Not what I was expecting. I read a previous book by this author that concentrated on the destroyer action off Guadalcanal in WW2. Expected more of the same kind of thing only based on submarine action. Was surprised and engrossed by the description of the atrocities perpetrated on American and allied Prisoners of way by their Japanese captors. I know for a fact, after extensive study, that all of these war crimes and many many more were done by Japanese military men during that war. This book was a strong reminder that veterans of that war, especially those that lived through the POW camps and forced labor in mines and factories owned by Mitsubishi and Kawasaki and other Japanese companies. I recommend this book to others as a good war story that includes a pretty good introduction to the POW situation then.
Happily married mother of three. Avid reader. Love Audible!
I read this one the day after I finished Pacific Glory. It was like P.G.'s twin sister as far as setting goes, but it was perfect as a standalone in its own right. Whereas P.G. gave us a look into the lives of sailors and Navy aviators in the pacific theater during WWII, Ghosts gives us a look into service on a submarine in that time and place. That being said, I wish there had been more technical information about the difficulties of living and fighting aboard a sub. Missed opportunity there. This book didn't quite grab me like P.G. did (maybe I read them too close together) but it was still very poignant and eye opening about some of the the everyday realities of war time that civilians don't think about. Overall...great story, great characters, and nicely performed by Dick Hill. I'd listen to him read the IRS tax code! Happy reading.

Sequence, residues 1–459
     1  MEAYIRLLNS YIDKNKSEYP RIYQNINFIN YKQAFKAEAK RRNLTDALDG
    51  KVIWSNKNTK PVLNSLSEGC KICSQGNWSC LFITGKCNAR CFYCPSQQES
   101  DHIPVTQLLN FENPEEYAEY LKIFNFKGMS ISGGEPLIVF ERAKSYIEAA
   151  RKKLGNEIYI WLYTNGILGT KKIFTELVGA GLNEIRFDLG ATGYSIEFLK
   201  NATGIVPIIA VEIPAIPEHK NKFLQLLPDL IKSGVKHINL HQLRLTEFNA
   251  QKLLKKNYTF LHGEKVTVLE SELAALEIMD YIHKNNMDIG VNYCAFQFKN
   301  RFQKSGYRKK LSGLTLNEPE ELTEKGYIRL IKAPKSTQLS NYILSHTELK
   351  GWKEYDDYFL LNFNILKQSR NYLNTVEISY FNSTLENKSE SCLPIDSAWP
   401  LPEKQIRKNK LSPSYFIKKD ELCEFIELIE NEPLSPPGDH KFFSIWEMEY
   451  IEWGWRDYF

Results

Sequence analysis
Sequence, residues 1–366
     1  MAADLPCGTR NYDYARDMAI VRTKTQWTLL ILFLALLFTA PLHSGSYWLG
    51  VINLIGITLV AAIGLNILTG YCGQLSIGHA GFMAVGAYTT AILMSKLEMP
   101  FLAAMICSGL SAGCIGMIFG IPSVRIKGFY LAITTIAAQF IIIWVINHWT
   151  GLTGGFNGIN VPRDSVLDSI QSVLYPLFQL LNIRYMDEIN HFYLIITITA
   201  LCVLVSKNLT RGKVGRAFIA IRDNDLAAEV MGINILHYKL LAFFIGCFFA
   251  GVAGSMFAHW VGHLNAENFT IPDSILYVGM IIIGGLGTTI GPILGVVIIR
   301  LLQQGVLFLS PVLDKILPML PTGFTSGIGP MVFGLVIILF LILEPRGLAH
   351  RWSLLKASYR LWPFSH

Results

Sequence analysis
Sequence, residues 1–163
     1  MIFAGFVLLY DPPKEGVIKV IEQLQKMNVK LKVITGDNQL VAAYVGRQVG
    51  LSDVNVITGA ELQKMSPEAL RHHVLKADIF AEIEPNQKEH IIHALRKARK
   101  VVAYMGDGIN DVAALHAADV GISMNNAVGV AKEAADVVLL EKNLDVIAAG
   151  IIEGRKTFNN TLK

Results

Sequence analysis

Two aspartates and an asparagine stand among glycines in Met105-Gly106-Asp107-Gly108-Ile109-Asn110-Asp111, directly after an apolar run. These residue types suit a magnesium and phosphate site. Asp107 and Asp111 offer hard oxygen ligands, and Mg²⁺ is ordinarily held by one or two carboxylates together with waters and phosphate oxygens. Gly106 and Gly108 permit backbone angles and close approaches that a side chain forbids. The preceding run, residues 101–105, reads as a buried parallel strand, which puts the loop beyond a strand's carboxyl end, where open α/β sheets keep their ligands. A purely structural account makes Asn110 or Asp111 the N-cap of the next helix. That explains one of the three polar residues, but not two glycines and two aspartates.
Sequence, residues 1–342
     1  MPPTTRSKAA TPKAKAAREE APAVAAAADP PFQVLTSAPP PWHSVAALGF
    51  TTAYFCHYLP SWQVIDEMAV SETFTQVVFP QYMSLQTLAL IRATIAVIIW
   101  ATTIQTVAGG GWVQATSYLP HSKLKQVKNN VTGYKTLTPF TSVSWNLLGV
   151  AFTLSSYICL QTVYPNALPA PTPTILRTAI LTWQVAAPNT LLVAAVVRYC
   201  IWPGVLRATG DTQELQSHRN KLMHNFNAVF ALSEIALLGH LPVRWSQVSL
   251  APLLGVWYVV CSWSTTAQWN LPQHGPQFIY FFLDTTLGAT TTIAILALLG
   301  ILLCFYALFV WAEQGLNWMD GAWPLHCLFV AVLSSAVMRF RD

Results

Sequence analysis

Paramedic, Father, Avid reader!
The variety of settings that the author took the story. The detail in the story clearly came from a subject matter expert.
I have listened to many of Dick Hill's performances, and he always delivers, I don't believe that I have ever listened to a poorly narrated book from Mr. Hill.
From the Big Blue Pacific to the dying heart of Imperial Japan.